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Category:    Home > Reviews > Science Fiction > Action > Cyberpunk > Animation > Japan > Anime > Ghost In The Shell: 25th Anniversary Edition (1995/Anchor Bay Blu-ray)

Ghost In The Shell: 25th Anniversary Edition (1995/Anchor Bay Blu-ray)

Picture: B Sound: B Extras: D Film: A-

The year is 2029. Major Motoko Kusanagi is part of Section 9, a group of highly trained cyborg military unit that hunts illegal cyborg crimes, but in an age where hackers can hack minds, even bodies how do you catch the criminal? Section 9 has a chance to catch the mysterious and greatest cyber hacker of all times "The Puppet Master", but like everything in their world, nothing is as simple or as it appears to be. In the future, mankind is able to transfer the human mind into cyborg bodies, but it has given rise to the question where does human end and machine begin?

Motoko leads a team of cyborgs to hunt down any illegal activities related with cyborg bodies, hackers, data that threaten the common peace. They are suddenly ordered to catch the Puppet Master, a hacker with unknown gender, age, or nationality that has broken into every government and database, but then they discover the Puppet Master was a rogue government AI that now claiming it is now self aware and new form of life form, but the government will do anything to silence it and the secrets it knows.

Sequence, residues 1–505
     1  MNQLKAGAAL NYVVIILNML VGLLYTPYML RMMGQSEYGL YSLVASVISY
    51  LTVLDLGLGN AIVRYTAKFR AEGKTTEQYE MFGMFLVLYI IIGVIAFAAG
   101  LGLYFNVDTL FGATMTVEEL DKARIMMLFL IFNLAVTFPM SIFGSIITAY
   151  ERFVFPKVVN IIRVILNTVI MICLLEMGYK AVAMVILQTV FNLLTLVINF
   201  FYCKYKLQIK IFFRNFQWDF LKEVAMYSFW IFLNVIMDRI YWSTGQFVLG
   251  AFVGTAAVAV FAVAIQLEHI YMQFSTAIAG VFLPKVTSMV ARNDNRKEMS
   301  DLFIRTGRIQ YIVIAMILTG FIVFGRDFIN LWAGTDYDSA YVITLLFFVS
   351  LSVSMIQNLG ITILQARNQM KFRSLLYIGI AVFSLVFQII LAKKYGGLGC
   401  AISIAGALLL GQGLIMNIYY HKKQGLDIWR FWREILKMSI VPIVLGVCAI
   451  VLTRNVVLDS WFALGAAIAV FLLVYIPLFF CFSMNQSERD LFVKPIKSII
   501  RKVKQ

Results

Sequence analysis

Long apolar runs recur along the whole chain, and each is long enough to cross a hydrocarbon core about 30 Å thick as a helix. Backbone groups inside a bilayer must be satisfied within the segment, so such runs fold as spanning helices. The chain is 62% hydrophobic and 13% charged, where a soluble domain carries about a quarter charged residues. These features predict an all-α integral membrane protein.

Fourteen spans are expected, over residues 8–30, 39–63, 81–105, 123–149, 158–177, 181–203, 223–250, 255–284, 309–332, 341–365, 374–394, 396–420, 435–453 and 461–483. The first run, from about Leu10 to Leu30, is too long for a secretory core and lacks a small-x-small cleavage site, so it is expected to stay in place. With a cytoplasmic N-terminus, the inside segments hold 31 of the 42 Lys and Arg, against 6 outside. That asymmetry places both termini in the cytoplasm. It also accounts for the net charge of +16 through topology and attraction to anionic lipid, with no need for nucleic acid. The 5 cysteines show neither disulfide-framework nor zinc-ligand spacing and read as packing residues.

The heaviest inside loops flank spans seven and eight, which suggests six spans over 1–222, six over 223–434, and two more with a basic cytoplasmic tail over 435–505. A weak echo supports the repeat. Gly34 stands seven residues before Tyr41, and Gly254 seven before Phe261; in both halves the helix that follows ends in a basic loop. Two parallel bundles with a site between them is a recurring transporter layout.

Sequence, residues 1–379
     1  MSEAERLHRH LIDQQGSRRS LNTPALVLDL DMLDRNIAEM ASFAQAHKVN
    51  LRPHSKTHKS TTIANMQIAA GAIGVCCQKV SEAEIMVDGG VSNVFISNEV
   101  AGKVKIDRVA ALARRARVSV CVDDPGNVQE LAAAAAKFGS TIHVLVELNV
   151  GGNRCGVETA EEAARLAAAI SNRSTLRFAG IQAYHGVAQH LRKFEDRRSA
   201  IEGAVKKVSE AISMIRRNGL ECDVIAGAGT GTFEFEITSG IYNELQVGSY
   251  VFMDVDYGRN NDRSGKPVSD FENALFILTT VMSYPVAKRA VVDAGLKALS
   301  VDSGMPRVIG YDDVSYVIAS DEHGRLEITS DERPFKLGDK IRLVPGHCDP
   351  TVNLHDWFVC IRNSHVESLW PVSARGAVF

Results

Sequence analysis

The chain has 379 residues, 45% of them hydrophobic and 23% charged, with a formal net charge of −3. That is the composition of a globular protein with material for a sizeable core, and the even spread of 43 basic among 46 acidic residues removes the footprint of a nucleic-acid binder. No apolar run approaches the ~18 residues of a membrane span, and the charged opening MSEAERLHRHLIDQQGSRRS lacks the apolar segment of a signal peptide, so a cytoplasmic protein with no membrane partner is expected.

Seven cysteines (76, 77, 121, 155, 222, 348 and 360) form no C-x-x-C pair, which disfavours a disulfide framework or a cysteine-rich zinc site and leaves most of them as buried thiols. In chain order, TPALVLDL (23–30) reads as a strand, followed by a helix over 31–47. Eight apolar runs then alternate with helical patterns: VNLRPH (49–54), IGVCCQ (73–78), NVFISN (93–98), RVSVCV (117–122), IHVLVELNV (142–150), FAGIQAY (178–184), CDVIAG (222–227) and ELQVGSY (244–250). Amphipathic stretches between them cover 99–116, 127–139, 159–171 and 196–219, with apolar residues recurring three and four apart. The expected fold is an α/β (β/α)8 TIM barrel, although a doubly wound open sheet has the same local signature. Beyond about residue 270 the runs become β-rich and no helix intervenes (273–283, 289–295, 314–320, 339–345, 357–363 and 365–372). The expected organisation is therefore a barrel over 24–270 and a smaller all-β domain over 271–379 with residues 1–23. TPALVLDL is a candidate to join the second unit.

Ghost in the Shell took the world by storm, one of the first anime to combine animation and early computer graphics with cyborg futuristic future story. Created by Masamune Shirow, Shirow challenged the limits of the human soul, nature and machine. That if one day man does become a machine, where does the human ghost exist, and what if there are other 'ghosts' that are not human and how do you tell the difference? Ghost in the Shell challenges some of those ideas and how important some of those questions might be.

Note that the anniversary refers to when the original manga book was issued, and not this animated feature, which arrived 5 years later. The 1080p 1.85 X 1 digital High Definition image looks as good as it can for a film this age with its kind of animation and early CGI animation, while the DTS-HD MA (Master Audio) lossless 5.1 mix is a welcome upgrade of the original audio. There are no extras.

- Ricky Chiang


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